Desperately looking for a command

Desperately looking for a command

Post by Mark Mill » Thu, 29 Jun 1995 04:00:00



Could any guru out there tell me if there exists a "C" function that I can
call within a UNIX application that will pass back a value telling me how
much 'current memory' has been allocated and 'in-use'???   We're trying
to eliminate memory leaks in our application and if we could periodically
'poke' the OS and check that value, we could easily see if we're running
into leaks, etc....

Since I usually don't read these news groups that often, I would be extremely
grateful if you have an answer to reply directly to my account (and the rest of
the news group if you like) and I would hope to help return the favor in
another issue/caveat that you may need assistance/opinions.  I have
checked out the "Steven's Unix Book (the bible)" and the Marice Baush
"Design of the UNIX operating system" and could not readily find such
a system call (or a series of system calls), where in a similar DOS
application of ours (where we're using VOS (Voice Operating System))
we have a call like:

        printf("The amount of free memory currently = %ld\n", freemem());

.

thank you kindly,
theron b kousek

 
 
 

Desperately looking for a command

Post by Christian A. Ladema » Tue, 04 Jul 1995 04:00:00



>Could any guru out there tell me if there exists a "C" function that I can
>call within a UNIX application that will pass back a value telling me how
>much 'current memory' has been allocated and 'in-use'???   We're trying
>to eliminate memory leaks in our application and if we could periodically
>'poke' the OS and check that value, we could easily see if we're running
>into leaks, etc....
>Since I usually don't read these news groups that often, I would be extremely
>grateful if you have an answer to reply directly to my account (and the rest of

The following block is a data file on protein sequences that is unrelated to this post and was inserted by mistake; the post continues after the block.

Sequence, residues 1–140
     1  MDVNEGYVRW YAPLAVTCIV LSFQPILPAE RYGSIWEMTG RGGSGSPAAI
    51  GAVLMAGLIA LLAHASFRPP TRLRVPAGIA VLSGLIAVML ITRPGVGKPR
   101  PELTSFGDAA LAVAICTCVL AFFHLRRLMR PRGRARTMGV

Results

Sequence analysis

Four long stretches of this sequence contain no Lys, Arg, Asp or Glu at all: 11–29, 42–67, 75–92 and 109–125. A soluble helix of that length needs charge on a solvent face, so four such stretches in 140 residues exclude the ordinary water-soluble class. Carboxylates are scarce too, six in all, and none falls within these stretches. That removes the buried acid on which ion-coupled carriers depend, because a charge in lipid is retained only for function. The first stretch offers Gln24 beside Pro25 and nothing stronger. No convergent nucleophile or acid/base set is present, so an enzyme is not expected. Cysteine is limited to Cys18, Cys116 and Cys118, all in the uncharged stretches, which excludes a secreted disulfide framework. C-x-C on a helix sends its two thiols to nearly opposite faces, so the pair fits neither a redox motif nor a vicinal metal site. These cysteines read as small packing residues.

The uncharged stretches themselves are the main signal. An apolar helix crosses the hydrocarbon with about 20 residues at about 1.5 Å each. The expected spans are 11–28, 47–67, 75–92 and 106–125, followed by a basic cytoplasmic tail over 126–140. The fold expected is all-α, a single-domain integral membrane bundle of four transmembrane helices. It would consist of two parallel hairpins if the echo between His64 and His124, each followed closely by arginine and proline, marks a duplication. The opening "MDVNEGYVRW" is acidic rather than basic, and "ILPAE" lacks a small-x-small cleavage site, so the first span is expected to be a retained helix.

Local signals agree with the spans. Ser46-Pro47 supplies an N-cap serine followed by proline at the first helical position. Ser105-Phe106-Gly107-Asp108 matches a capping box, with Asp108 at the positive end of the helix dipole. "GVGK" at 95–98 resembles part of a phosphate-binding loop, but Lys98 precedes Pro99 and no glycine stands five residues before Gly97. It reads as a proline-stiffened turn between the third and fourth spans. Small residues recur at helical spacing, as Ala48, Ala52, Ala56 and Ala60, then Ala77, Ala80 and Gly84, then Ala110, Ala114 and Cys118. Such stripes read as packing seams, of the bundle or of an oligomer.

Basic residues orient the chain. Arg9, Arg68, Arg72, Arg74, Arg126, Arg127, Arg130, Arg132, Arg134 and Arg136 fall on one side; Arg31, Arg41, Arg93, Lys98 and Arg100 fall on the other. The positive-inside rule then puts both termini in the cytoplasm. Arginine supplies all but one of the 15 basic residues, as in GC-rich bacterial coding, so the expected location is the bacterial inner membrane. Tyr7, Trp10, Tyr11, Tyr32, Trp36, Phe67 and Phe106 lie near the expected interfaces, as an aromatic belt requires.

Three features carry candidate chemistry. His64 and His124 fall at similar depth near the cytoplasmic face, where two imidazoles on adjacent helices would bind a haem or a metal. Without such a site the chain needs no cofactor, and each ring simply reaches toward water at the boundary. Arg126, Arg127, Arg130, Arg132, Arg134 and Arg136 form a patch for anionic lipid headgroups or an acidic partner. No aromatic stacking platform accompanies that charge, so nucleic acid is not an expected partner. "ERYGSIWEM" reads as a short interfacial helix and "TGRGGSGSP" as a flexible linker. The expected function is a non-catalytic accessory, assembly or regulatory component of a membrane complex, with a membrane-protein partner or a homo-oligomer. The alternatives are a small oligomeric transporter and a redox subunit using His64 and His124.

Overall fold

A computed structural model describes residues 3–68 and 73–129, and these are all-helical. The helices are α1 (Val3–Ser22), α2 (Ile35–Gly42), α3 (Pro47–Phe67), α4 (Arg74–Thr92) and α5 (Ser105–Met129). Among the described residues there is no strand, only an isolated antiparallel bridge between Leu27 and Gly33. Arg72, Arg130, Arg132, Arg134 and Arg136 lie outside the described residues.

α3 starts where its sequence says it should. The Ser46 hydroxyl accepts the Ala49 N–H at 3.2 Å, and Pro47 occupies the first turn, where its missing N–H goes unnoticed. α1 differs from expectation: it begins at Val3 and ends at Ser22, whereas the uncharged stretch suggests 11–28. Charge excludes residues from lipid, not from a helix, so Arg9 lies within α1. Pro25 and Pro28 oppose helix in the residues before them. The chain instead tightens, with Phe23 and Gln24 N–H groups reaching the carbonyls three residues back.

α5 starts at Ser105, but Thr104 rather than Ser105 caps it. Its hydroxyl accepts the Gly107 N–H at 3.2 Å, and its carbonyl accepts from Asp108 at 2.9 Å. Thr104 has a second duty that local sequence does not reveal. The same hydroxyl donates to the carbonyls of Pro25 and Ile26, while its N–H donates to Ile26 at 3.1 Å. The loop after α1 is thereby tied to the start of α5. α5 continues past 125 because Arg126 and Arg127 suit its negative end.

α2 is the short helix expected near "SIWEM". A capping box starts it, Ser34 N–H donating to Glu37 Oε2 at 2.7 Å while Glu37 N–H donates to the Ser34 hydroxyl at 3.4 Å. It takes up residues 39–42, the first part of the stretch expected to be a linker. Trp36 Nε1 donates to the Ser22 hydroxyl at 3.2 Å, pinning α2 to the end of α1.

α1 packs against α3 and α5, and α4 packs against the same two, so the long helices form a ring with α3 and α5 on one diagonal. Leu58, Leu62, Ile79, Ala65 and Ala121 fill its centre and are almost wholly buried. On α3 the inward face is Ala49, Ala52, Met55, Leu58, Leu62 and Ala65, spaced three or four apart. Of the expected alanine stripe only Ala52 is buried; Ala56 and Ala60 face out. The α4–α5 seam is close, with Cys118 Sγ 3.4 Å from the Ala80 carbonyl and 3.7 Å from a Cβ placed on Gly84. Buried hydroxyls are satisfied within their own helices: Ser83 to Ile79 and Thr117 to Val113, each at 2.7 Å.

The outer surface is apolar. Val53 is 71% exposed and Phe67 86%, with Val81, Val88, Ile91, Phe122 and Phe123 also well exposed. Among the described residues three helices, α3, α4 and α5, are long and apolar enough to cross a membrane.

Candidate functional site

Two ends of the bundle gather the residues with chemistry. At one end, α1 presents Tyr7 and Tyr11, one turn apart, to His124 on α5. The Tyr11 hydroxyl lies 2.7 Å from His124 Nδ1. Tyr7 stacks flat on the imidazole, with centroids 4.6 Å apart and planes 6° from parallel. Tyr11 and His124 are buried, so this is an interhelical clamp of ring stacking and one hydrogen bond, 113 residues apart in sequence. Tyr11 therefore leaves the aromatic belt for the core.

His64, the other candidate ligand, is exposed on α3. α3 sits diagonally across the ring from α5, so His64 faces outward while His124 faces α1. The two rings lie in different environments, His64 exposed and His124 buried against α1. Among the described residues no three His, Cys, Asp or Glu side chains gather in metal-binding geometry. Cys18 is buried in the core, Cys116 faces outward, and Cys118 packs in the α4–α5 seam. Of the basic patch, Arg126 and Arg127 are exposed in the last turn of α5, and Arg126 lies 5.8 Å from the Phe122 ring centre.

>the news group if you like) and I would hope to help return the favor in
>another issue/caveat that you may need assistance/opinions.  I have
>checked out the "Steven's Unix Book (the bible)" and the Marice Baush
>"Design of the UNIX operating system" and could not readily find such
>a system call (or a series of system calls), where in a similar DOS
>application of ours (where we're using VOS (Voice Operating System))
>we have a call like:
>    printf("The amount of free memory currently = %ld\n", freemem());
>.
>thank you kindly,
>theron b kousek

Try sbrk(0) to get the amount of allocated space. As the maximum amount of
virtual memory per process is kernel-configuable in most UNIX'es, freemem()
is not as usefull for UNIX as it may be for DOS.

There are also freely availabe memory-de* libraries with accounting
malloc(), free(), etc. routines.

cu, Christian.

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Desperately looking for a command

Post by Ke Ji » Thu, 06 Jul 1995 04:00:00




>>Could any guru out there tell me if there exists a "C" function that I can
>>call within a UNIX application that will pass back a value telling me how
>>much 'current memory' has been allocated and 'in-use'???   We're trying
>>to eliminate memory leaks in our application and if we could periodically
>>'poke' the OS and check that value, we could easily see if we're running
>>into leaks, etc....

>Try sbrk(0) to get the amount of allocated space.

        sbrk(0) will not give amount of allocated space, it returns the
        address of upper boundary of heap in process's virtual space.
        If you want the total size of heap space, try this:

                int heapsize()
                {
                        extern int end;

                        return sbrk(0) - (int)&end;
                }

        It should be cleared that the heap size is usually large than amount of
        allocated space. Because, 1. Most systems will not lower heap upper

        boundary when free() been called(you can lower it by a brk() call if you
        like). It just keep the freed blocks for later malloc(). 2. memory
        management module itself need some dynamic space also (i.e. to keep
        free block table, etc), 3. Not all blocks/fragments in heap will/can be
        used by malloc call(for alignment and efficient reason).

Quote:>There are also freely availabe memory-de* libraries with accounting
>malloc(), free(), etc. routines.

        They are useful in finding the memory leak but have some limition.
        First, some library (e.g. stdio) will call malloc(). You can replace
        malloc/free in your code but not libraries. Second, You need to set
        the check point in your code in order to catch the leak right after
        it happen. Thus, it require recompilations of your source code.
        Commerical de*s get scope of pointers in a compiled(with -g)
        program by reading its symbol table and trace the process with
        ptrace(). It will report the memory aligment and memory leak(e.g.
        out of scope) problems right on the points.